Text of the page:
Prize-winning Gitanjali:

Because I love this life I know I shall love death as well.
The child cries when the mother takes it from the right breast, only to find
solace in the left one.

Australian society lacks that balance in our view and treatment of wildlife.

I write this having just returned from Bryce Courtnenay's funeral at Darling
Point, Sydney.  I doubt few, of the hundreds there would have had as
intimate relationship with the Australian landscape, as did Bryce.  But
surely in his words, his influence, he brought that landscape a little
closer to many.

So let's start with next Australia Day.  Instead of whooping it up at the
beach with a barbie and a beer why not think of other ways to celebrate?
White settlement of this country


On 4/12/12 8:46 AM, "Simon Mustoe" <> wrote:

> Debbie,
> I disagree with Flannery and others. Australia does care.
> Conservation bodies, scientists, national parks and others have had control of
> wildlife for too long. We have made it more and more difficult for anyone to
> engage with, learn about or understand nature. Orange-bellied Parrot is a case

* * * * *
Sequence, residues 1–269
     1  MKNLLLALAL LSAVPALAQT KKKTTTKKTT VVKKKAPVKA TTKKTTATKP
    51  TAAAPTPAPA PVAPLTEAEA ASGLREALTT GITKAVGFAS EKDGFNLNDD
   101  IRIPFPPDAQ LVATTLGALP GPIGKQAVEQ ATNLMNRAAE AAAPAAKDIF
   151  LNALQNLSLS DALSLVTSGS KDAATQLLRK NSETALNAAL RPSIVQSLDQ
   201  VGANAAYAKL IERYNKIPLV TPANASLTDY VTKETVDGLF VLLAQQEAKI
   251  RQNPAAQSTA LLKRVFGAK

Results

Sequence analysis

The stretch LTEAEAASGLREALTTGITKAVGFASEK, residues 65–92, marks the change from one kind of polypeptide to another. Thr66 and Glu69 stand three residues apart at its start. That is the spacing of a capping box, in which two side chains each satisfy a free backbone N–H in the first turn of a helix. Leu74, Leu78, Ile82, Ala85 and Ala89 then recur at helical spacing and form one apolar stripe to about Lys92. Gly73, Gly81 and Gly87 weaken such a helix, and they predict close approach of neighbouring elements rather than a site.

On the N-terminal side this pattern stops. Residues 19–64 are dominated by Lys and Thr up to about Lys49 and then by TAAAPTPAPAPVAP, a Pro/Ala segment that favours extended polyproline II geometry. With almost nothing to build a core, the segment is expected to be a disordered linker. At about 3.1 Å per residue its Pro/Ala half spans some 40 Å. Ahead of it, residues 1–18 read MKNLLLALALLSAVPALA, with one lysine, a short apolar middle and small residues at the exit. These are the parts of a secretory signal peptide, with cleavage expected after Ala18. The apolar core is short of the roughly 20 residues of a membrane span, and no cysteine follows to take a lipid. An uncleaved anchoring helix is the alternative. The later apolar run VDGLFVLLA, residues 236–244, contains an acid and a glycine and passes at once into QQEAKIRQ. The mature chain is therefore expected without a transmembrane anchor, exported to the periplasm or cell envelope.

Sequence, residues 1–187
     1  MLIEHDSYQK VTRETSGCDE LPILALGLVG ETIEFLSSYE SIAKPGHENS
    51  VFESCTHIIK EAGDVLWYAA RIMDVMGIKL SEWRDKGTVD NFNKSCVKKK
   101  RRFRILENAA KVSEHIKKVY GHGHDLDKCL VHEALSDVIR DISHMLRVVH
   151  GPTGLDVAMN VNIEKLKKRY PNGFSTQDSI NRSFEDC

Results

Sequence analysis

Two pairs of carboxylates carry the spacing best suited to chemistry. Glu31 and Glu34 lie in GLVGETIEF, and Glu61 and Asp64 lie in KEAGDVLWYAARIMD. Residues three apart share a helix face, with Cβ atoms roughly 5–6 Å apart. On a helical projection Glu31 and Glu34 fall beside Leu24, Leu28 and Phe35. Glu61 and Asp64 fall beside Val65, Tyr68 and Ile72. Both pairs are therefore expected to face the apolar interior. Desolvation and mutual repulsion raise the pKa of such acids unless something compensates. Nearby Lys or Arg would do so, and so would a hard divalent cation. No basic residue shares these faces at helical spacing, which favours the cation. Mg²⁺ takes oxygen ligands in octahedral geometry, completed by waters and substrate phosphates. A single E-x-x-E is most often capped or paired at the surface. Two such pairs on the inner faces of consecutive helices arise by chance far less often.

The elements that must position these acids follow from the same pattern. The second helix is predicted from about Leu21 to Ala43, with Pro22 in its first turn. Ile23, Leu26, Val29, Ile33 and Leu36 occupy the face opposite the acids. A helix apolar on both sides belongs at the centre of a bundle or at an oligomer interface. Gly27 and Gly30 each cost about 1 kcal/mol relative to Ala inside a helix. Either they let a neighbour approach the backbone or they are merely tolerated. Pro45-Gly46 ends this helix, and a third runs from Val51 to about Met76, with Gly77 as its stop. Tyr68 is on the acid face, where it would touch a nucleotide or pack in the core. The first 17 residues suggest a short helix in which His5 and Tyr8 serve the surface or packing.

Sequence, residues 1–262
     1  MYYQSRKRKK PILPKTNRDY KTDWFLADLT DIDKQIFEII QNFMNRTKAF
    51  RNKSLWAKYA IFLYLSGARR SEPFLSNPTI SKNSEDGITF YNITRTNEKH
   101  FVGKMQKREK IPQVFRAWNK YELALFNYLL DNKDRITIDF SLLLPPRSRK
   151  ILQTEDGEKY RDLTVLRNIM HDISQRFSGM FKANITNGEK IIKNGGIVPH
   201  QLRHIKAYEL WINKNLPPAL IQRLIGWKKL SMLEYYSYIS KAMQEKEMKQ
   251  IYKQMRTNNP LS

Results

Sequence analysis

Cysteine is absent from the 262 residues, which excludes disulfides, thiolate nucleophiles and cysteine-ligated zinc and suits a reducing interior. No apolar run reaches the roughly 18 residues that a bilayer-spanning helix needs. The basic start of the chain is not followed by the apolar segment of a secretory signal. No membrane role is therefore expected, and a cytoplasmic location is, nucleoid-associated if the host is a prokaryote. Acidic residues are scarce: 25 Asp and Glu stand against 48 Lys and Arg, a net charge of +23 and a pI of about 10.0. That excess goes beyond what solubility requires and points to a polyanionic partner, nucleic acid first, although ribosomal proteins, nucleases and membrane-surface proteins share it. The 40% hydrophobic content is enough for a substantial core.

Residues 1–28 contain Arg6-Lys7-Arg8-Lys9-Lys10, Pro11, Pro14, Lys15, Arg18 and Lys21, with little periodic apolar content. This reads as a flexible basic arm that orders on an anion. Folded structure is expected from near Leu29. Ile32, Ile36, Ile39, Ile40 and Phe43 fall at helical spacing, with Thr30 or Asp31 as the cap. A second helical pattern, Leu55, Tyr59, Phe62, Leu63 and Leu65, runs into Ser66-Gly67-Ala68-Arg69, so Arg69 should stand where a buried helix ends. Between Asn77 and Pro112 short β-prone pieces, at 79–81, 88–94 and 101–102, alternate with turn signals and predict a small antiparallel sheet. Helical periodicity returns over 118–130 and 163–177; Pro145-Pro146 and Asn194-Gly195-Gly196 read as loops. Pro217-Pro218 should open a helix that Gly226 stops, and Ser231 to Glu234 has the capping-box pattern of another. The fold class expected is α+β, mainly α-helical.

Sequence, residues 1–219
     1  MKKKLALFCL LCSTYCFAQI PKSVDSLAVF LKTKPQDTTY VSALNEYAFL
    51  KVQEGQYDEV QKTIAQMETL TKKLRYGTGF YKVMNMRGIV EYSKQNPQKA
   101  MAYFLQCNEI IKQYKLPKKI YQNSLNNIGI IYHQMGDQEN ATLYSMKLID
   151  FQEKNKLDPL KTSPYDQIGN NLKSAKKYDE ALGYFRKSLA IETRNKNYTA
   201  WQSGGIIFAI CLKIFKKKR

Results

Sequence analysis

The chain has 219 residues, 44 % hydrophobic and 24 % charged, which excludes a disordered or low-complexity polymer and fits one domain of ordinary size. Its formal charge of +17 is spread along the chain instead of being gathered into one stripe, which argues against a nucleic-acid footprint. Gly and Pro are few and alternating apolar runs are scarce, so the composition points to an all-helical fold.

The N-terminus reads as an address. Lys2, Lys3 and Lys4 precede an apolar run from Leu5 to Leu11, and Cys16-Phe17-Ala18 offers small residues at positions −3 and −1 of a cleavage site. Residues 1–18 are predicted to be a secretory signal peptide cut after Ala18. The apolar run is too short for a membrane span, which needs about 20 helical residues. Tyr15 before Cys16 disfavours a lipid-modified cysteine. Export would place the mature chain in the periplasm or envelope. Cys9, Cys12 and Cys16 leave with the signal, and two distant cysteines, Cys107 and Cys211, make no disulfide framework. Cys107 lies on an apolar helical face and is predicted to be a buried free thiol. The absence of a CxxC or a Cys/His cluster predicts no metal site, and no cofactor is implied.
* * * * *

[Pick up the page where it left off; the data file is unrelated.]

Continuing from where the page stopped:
> example. For years, areas near Melbourne where these birds occur have been
> fenced off to public - even when they were more numerous. In other parts of
> the world there would have been visitor infrastructure and hides put up and a
> concerted effort by the conservation groups to show people the birds. Just
> recently, BirdLife has been concerned about the number of people being able to
> access the WTP (when only just over 300 people have keys). Meanwhile,
> critically endangered birds exist in places where tens of thousands of
> visitors go at places like Mai Po in Hong Kong or Titchwell in the UK.
> Before Australians attempt to engage or connect people we hastily impose
> regulations to 'protect' wildlife by fencing it off (physically or
> regulatory). Here's another brutal example - DSE is currently chasing